Indoor plants help break down hundreds of volatile organic compounds found in modern buildings. bfishadow

Sufferers of this syndrome experience acute or sub-acute discomfort and health effects that appear to be linked to the duration of time spent in a building. Typical symptoms range from drowsiness, physical irritability, difficulty concentrating, fatigue and nausea.

These symptoms can be severe enough to greatly diminish a person’s ability to work effectively. Their direct cause is usually unknown to the sufferer, but they’re relieved soon after leaving the building.

The other major indoor pollutant, carbon dioxide (CO2), is produced by human respiration. High levels of CO2 (above 800 to 1,000 parts per million) cause rooms to feel “stuffy”. But sick building syndrome-like symptoms can occur at much lower concentrations than this.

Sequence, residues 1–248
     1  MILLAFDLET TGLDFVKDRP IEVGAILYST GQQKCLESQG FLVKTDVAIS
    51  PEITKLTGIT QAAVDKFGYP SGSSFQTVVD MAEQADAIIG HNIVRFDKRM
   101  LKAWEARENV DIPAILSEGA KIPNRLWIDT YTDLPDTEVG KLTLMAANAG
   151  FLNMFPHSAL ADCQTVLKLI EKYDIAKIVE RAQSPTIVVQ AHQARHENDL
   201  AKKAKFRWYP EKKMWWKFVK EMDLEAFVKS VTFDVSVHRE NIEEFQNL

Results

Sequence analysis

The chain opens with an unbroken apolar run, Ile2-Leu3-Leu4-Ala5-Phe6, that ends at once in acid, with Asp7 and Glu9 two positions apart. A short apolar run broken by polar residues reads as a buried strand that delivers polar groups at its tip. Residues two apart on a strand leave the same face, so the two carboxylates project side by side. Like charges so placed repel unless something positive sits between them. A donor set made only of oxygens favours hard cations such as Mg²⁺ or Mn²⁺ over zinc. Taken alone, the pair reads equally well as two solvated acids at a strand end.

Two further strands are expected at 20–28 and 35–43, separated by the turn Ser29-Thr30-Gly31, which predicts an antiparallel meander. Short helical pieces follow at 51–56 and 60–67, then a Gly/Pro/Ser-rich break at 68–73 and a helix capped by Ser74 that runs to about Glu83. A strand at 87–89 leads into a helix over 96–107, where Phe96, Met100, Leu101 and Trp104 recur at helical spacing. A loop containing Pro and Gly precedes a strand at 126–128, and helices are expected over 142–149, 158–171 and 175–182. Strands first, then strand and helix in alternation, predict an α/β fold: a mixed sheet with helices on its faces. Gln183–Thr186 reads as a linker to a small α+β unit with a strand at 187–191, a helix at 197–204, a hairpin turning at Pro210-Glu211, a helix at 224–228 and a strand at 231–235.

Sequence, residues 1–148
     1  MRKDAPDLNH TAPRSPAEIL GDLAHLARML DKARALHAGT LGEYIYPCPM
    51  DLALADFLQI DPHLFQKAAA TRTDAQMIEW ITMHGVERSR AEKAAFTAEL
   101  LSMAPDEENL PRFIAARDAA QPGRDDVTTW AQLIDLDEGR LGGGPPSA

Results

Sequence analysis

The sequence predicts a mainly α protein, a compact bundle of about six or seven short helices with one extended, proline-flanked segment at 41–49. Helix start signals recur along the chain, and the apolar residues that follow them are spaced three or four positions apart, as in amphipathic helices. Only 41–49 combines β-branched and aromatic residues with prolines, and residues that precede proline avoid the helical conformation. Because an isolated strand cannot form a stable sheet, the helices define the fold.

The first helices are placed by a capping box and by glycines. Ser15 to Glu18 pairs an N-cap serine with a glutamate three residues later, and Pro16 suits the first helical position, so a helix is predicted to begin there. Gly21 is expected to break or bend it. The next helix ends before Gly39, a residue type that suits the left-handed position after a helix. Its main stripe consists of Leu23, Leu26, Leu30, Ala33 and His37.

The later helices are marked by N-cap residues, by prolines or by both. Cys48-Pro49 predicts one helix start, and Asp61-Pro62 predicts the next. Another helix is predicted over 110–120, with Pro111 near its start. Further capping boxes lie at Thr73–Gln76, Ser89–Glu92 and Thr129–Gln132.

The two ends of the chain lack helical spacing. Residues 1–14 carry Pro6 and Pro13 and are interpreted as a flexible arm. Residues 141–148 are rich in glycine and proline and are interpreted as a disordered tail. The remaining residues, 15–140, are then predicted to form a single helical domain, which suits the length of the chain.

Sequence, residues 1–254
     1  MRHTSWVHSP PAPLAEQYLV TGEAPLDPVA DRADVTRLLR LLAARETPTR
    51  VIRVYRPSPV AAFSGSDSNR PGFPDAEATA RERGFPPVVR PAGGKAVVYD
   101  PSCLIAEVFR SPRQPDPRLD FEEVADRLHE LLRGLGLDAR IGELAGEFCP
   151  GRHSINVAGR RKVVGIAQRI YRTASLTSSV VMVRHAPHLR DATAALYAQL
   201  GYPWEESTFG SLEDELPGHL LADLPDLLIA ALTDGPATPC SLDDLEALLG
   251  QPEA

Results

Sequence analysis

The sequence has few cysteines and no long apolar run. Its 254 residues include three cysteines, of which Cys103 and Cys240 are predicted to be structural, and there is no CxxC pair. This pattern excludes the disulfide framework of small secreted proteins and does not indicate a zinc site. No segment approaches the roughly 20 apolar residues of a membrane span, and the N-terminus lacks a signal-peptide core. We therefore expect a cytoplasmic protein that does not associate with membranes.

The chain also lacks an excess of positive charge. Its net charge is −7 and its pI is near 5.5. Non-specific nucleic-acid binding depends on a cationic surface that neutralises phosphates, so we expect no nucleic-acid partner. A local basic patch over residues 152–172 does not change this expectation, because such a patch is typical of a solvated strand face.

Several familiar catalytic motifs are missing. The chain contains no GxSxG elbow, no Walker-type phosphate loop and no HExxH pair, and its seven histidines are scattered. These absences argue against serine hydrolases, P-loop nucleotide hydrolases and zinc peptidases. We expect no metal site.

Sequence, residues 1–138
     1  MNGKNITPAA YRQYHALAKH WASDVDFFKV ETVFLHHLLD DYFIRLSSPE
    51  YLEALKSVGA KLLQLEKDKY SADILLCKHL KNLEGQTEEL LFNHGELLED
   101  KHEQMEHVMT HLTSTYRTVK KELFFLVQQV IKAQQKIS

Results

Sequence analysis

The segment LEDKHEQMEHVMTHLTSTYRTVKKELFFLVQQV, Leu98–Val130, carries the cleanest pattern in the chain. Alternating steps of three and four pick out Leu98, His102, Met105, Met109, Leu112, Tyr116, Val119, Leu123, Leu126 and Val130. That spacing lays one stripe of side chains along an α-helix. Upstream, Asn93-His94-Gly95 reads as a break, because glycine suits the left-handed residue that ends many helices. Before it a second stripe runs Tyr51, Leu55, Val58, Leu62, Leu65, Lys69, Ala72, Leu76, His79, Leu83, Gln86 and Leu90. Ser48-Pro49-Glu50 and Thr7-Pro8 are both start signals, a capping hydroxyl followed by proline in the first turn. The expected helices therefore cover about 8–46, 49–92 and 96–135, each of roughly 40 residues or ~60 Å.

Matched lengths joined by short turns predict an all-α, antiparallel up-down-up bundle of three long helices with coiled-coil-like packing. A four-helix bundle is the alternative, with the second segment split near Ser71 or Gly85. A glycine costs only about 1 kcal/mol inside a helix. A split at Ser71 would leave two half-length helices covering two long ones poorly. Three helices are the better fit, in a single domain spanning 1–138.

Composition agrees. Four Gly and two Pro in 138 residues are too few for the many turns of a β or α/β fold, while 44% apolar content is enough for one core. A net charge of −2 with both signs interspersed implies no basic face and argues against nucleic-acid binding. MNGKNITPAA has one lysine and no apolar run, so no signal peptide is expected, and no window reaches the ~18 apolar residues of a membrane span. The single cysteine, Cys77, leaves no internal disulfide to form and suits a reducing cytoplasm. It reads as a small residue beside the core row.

When CO2 levels are above 1,000 ppm, building occupants can become quite unwell. But this level is uncommon in modern buildings thanks to efficient mechanical ventilation systems.

Natural air cleaners

The ability of plants to improve indoor air quality was recognised in the 1980s, when NASA researched growing plants on space stations. Results indicated the surprising removal of previously high volatile organic compound concentrations in their model spacecraft.

NASA pioneered research on plants and their ability to improve indoor air quality. NASA’s Marshall Space Flight Centre

Initial research focused on the plant species themselves. But the consistency of the air-cleaning capacity among distantly related species suggested that it was not necessarily a property of particular plants.